FERNANDINA BEACH WEATHER

City advances FEMA dispute to arbitration

Submitted by Suanne Z. Thamm
Reporter –  News Analyst
May 20, 2021

The City of Fernandina Beach and FEMA have been at impasse for several years over FEMA’s obligation to pay for repairs to the City Marina following damages caused by Hurricane Matthew in 2016.  The City Manager and City Attorney believe it to be in the best interest of the City to hire an expert in FEMA arbitration to increase the chances the City recover the costs for Marina repairs.  On a 5-0 vote at their May 18, 2021 Regular Meeting, Fernandina Beach City Commissioners (FBCC) agreed.

Arbitration, a form of alternative dispute resolution, is a way to resolve disputes outside the judiciary courts. The dispute will be decided by one or more persons, which renders the ‘arbitration award’.

Despite initial assurances that FEMA would reimburse the city for South attenuator repairs in the amount of $6,522,866, the agency only obligated $629,111.  Although the City filed an administrative appeal of FEMA’s decision in a timely manner, FEMA has failed to adhere to the established deadline for a response.  Due to FEMA’s failure to respond, the next remedy available to the City is arbitration before the Civilian Board of Contract Appeals (CBCA), a course recommended by City Manager Dale Martin and City Attorney Tammi Bach.

It should be noted that the City is only seeking reimbursement for authorized repairs, not the reconfiguration of the docks in the south basin.  

In a letter to City Manager Martin dated April 14, 2021, Sherin Joseph, Appeals Officer & Compliance Supervisor Bureau of Recovery, Florida Division of Emergency Management wrote:

The CBCA is very much a neutral and impartial decision-maker. I have not seen anything that would demonstrate bias toward FEMA. If FEMA fails to argue its case, the CBCA will find in favor of the Applicant, so long as the record would support doing so. Arbitration is an opportunity to have an unbiased decision on a process that was originally kept within FEMA’s sole control. It would also provide the City a much quicker resolution than waiting through the appeal process. As a reminder, even if FEMA does render a decision on this first appeal, the decision may still be adverse to the City’s interests, which would necessitate a second appeal. On the other hand, a favorable first appeal determination does not automatically indicate a quick obligation of funding.

Based upon the City Attorney’s exhaustive search of arbitrations and results, the FBCC at its May 18, 2021 Regular Meeting agreed to engage the legal services of the Washington, D.C. firm of Baker, Donelson, Bearman, Caldwell & Berkowitz, PC with regard to the appeal and potential arbitration.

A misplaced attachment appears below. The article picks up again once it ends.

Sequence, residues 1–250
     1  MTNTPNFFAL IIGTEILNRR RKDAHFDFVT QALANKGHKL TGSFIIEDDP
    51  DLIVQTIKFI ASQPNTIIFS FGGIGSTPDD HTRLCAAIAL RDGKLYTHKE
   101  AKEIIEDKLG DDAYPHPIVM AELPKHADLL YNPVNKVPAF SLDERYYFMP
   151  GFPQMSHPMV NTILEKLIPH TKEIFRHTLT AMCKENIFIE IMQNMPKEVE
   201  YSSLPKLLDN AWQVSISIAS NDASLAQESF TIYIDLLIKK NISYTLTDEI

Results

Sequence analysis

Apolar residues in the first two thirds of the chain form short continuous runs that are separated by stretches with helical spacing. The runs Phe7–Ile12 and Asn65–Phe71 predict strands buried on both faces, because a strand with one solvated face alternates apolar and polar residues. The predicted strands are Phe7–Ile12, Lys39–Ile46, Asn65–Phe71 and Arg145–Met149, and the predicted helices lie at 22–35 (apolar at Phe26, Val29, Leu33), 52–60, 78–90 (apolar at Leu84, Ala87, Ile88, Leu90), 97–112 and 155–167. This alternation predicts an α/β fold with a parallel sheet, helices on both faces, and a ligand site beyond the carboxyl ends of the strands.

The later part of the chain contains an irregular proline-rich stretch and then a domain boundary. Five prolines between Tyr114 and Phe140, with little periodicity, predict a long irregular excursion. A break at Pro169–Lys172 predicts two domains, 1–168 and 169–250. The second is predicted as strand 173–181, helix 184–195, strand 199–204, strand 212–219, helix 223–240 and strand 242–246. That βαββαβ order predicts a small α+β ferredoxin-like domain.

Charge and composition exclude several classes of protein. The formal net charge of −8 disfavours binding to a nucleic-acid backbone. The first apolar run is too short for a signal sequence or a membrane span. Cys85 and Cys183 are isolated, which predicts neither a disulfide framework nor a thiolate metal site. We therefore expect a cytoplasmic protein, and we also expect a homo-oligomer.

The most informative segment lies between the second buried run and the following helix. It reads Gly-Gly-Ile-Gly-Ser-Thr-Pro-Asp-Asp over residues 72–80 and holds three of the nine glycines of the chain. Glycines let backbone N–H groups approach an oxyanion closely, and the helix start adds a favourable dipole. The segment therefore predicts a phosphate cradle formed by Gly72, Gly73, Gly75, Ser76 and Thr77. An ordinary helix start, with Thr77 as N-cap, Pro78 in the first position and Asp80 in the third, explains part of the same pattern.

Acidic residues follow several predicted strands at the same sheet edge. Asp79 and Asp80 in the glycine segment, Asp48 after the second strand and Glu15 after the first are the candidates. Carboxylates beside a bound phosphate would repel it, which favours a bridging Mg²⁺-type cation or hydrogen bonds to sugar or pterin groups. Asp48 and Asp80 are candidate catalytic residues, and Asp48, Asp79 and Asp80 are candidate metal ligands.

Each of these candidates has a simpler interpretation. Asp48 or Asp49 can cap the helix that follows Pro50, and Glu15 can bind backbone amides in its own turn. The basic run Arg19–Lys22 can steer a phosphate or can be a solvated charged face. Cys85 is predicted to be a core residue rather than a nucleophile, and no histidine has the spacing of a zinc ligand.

City Attorney Bach reported that over the past 10 years, Ernest Abbott, who will be the firm’s lead lawyer for the City, has always gotten a positive outcome for his clients.  According to both Bach and City Commissioner Chip Ross, Abbott’s name comes up over and over again in arbitration cases.  Bach said that she would highly recommend hiring him and reminded commissioners that the City’s purchasing code does not require competitive bids for legal services.

Bach said, “Do not fear that we are putting all our eggs in one basket with Mr. Abbott. … He promised me that we will all meet together, he will go over the paperwork, and tell us what our chances of success are before moving forward.”

Ross moved approval of the resolution to proceed to arbitration with amendment to engage the recommended legal services, and Commissioner Bradley Bean seconded the motion.

Ross said, “This guy’s [Abbott] expensive, but he’s the guy.  FEMA’s taken out of it.  This firm does 10-15 cases like this each year.  This is the way to proceed.”

Mayor Mike Lednovich asked what the initial assessment would cost, and Bach did not have that information.  She suggested it would depend on how much material is involved and how long it would take to review.  Based on that assessment, the FBCC can reconsider its decision to proceed.

The City is not challenging FEMA’s decision to fund repairs on the north attenuator of the marina.  There will be a Resolution on the June 1 FBCC agenda to accept the FEMA settlement for the North attenuator, which came in at $1.3M of the $1.5M the City requested.

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